Maintenance will depend on the types of plants you choose, but opting for slow growers will keep maintenance to a minimum.

These tanks can be low-tech or high-tech, so you can add CO2 and high-powered lighting to elevate the aquascape if desired.

Stem Plant Heavy Tanks

Stem Plant Heavy Planted Tanks
Stem Plant Heavy Planted Tanks

Suitable Plant List

  • Limnophila Sessiliflora
  • Rotala Orange Juice
  • Bacopa Caroliniana
  • Rotala Rotundifolia
  • Pogostemon Deccanensis
  • Hygrophila Rosanervig
  • Ludwigia Mini Super Red
  • Hygrophila Polysperma
  • Bacopa Compact
  • Pearlweed
  • Staurogyne Repens

Tanks focusing on stem plants often serve a practical purpose but can also be aesthetically pleasing when properly aquascaped.

These tanks are commonly used as breeding environments for fish that may eat their young as fry hide among the stem plants, increasing their chances of survival.

Incorporating fast-growing stem plants also helps maintain safe water parameters, ensuring the well-being of the fish.

Riparium Planted Tanks

Riparium Planted Tanks
Riparium Planted Tanks

Riparium tanks are unique because they feature plants above and below the water surface.

Most aquatic plants suitable for other tanks will thrive underwater in a riparium, but selecting the right emergent plants can be more challenging.

Many terrestrial plants don’t like saturated roots, but pothos and peace lily are excellent choices for this setup.

You can use Poth-O-Carry units to hold the plants in place or tape them to the side of your aquarium.

The plant roots grow in the aquarium water, absorbing a lot of ammonium and nitrates for growth, which helps maintain safe water parameters.

My fish love to hide among the pothos roots, and my shrimp often graze on them.

Planted Nano Tanks

Planted Nano Tanks
Planted Nano Tanks

Planted nano tanks experienced a surge in popularity during the lockdowns, and their appeal has only grown since.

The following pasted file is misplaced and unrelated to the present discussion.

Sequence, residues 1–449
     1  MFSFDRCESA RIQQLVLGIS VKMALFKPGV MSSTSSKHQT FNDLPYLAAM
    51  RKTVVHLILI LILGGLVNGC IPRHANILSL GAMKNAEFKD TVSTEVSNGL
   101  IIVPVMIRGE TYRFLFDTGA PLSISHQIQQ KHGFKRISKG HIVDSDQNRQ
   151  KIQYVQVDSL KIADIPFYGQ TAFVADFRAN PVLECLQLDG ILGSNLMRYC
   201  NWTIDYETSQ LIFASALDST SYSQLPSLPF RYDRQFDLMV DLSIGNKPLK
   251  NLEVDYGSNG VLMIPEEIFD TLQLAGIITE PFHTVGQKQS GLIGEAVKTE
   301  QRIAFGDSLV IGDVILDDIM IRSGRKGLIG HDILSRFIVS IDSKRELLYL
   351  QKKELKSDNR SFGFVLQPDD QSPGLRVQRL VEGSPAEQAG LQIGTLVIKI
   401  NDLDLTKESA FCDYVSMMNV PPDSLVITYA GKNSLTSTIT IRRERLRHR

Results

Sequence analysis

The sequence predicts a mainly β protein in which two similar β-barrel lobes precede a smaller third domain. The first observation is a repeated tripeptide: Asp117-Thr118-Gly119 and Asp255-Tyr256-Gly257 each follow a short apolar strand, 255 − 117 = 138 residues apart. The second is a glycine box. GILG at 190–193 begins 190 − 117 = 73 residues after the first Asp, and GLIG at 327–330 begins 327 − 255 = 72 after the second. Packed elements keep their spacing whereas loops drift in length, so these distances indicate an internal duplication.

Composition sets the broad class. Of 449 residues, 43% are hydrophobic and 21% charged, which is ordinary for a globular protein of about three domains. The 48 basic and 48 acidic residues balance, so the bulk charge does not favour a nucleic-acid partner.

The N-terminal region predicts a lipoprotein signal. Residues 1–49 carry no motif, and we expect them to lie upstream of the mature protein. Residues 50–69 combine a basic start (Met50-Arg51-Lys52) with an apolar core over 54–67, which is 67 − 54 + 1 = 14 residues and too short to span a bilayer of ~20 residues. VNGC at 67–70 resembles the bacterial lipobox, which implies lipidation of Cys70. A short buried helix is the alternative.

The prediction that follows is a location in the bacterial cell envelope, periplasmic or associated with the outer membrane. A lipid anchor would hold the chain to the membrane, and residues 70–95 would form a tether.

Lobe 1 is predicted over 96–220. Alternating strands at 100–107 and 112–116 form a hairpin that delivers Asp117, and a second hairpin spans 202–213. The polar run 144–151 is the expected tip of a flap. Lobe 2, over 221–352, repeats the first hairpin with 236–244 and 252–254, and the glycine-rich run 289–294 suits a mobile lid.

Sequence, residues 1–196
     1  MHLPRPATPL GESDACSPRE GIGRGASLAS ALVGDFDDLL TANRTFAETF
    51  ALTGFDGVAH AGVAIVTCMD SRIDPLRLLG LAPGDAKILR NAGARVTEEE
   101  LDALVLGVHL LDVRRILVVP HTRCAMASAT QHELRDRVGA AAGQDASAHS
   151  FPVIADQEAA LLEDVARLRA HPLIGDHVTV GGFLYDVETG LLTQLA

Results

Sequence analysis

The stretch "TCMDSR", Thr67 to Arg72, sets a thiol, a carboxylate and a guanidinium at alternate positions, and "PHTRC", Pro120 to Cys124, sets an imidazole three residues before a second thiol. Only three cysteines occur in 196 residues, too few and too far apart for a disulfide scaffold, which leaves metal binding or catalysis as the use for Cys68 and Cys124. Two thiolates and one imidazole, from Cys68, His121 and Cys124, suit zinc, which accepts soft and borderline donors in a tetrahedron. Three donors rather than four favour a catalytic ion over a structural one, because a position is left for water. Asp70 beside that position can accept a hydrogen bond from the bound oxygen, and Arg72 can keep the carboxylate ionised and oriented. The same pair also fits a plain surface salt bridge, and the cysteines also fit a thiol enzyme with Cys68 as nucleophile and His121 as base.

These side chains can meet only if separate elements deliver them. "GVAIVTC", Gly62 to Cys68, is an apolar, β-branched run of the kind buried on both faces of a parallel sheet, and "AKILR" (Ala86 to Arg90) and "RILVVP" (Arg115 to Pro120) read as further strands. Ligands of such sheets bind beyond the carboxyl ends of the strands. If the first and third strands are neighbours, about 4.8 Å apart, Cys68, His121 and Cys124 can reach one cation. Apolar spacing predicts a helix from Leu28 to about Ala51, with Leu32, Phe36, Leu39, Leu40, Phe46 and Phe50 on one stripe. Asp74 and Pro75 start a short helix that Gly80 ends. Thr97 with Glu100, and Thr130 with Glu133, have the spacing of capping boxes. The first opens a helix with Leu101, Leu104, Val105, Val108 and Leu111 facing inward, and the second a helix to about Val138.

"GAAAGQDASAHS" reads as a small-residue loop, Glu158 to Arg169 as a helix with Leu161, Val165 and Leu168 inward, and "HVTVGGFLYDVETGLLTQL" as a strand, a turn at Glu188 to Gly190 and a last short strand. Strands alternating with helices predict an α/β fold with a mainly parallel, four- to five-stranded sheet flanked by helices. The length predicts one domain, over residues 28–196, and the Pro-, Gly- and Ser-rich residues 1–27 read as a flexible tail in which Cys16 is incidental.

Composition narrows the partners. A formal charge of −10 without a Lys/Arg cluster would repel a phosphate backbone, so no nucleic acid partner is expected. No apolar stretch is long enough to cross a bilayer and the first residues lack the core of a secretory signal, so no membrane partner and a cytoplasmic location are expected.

I prefer low-tech planted nano tanks and I’m naturally drawn to these smaller setups, which are an aquascaper’s dream.

People who build these tanks approach them with the mindset of creating art, using their plants as the primary feature and their fish as complementary elements.

A quick look at the aquascape hashtag on Instagram shows the impressive skills of those who work with nano tanks.

Many seasoned aquascapers use CO2, fertilizers, and high-powered lighting to maximize plant growth.

This can be expensive, so if you’re on a budget, consider looking into low-tech nano tank options.

Dirted Planted Tanks

Dirted Planted Tanks
Dirted Planted Tanks

Suitable Plant List

  • Limnophila Sessiliflora
  • Rotala Rotundifolia
  • Hygrophila Polysperma
  • Ludwigia Mini Super Red
  • Staurogyne Repens
  • Cryptocoryne Wendtii
  • Eleocharis
  • Salvinia

Dirted tanks are similar to Walstad tanks, with a significant overlap between the two.

Walstad tanks typically feature a higher number of fast-growing stem plants, lack a filter, and have minimal hardscape. In contrast, dirted tanks usually include a filter, fewer plants, and more hardscape elements.

There is often debate over the exact definitions of each, but both are excellent choices for beginners.

Dirted tanks allow for more creative aquascaping since the use of a filter lets you allocate more space to hardscape rather than plants.

The distinction between the two is often blurred, and I consider them to be essentially the same type of tank.

Single Plant Tanks

Anubias Planted Tank
Anubias Planted Tank